Theories were flying at the Oscar after-parties Sunday night about how Meryl Streep pulled off perhaps the biggest surprise of the 2012 Oscars. After all, with her turn as Margaret Thatcher in "The Iron Lady," Streep had defeated Viola Davis as Aibilieen Clark even though the "Help" star last month won the Screen Actors Guild award. (In the first 11 years of this century, the SAG winner had foretold the Oscars a whopping nine times.)
Streep also overcame Davis' popularity, her candidacy forged by her running mate Octavia Spencer and a general feeling that Davis was an essential vehicle for honoring the race-themed drama, what with the movie overlooked in categories such as writing and directing.
So what happened? Among the explanations for the Streep win were Harvey Weinstein's dominance -- the awards kingpin saw his movies take home the top four awards at the Oscars -- and general goodwill for Streep.
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But there's another, possibly cleaner, explanation: Streep was playing a real person.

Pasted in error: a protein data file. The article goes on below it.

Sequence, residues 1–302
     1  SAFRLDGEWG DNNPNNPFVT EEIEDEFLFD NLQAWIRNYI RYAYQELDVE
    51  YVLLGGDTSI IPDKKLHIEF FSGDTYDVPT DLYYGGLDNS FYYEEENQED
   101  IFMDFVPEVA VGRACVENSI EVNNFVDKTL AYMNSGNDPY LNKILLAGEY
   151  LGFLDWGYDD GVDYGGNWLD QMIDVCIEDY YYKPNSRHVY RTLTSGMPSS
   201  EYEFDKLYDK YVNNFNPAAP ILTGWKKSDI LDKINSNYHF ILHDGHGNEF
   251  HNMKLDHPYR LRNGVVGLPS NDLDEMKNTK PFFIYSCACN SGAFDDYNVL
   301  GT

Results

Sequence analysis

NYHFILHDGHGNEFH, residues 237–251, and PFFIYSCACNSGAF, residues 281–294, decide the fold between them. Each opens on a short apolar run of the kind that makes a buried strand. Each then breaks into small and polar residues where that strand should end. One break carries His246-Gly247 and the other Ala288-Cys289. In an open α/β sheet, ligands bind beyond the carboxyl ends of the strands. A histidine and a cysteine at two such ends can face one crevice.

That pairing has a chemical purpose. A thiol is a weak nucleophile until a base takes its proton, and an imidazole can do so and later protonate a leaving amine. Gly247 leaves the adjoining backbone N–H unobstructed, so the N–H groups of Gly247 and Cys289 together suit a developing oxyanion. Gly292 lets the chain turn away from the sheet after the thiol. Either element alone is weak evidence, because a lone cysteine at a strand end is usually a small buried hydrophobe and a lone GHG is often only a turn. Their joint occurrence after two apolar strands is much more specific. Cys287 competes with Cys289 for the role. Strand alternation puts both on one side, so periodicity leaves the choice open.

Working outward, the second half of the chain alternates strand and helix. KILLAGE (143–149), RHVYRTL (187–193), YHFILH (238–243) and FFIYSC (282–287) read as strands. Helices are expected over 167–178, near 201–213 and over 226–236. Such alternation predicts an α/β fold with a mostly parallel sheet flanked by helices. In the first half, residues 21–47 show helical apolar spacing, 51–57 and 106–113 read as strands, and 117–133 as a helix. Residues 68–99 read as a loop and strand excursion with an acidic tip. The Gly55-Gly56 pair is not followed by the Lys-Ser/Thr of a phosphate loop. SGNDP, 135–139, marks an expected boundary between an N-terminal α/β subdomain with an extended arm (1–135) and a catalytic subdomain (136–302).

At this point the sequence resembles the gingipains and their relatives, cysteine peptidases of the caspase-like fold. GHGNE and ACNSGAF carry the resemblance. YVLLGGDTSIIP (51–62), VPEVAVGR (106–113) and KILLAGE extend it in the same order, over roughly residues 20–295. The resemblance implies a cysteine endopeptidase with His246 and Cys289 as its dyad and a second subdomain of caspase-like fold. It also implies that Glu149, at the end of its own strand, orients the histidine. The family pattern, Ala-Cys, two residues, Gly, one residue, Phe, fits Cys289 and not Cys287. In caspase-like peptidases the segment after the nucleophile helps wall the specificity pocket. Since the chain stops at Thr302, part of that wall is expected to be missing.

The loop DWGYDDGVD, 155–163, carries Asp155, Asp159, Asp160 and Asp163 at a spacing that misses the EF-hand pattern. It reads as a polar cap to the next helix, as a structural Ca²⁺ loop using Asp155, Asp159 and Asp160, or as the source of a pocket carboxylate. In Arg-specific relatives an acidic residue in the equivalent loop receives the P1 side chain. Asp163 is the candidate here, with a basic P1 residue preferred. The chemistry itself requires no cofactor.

For those who keep an eye on the Oscars, there's sometimes a sense that anyone acting at a high level will have an advantage if they play an actual person, especially one the audience already knows.
The recent numbers, as it turns out, bear out that theory. In the last five actor races in which men playing real people competed against men playing fictitious ones, the actor playing the known personality won four times. (You can debate whether Billy Beane is sufficiently well known to qualify; we'd say that most voters couldn't pick him out of a lineup).
Strikingly, the same ratio holds on the female side -- the actress playing the real-life person has now won four of the last five times they've competed against one another.
This in itself calls for an explanation. The best theory may be that with a real-life person we (or at least a certain kind of voter) have a frame of reference by which to judge the actor's performance. These actors must be good at their jobs because, well, I knew a little bit about Margaret Thatcher or Edith Piaf, and what they're doing reminds me of them. Of course, a bad performer playing a real person will find that this could highlight their weaknesses, but that won't apply to Oscar-caliber acting.
You might find this a little unfair; actors playing real people, after all, have a template to work off that their fiction-minded siblings don't. But maybe one should cut Streep some slack anyway. The lone exception among the past five cases of unknown-versus-known personalities? Streep was on the losing side, her rendition of Julia Child in "Julie and Julia" losing out to Sandra Bullock in "The Blind Side."
[For the record, 8:49 a.m.: An earlier version of this post misspelled the first name of Viola Davis' character in "The Help" as Abilieen.]
Photo: Meryl Streep in "The Iron Lady." Credit: The Weinstein Company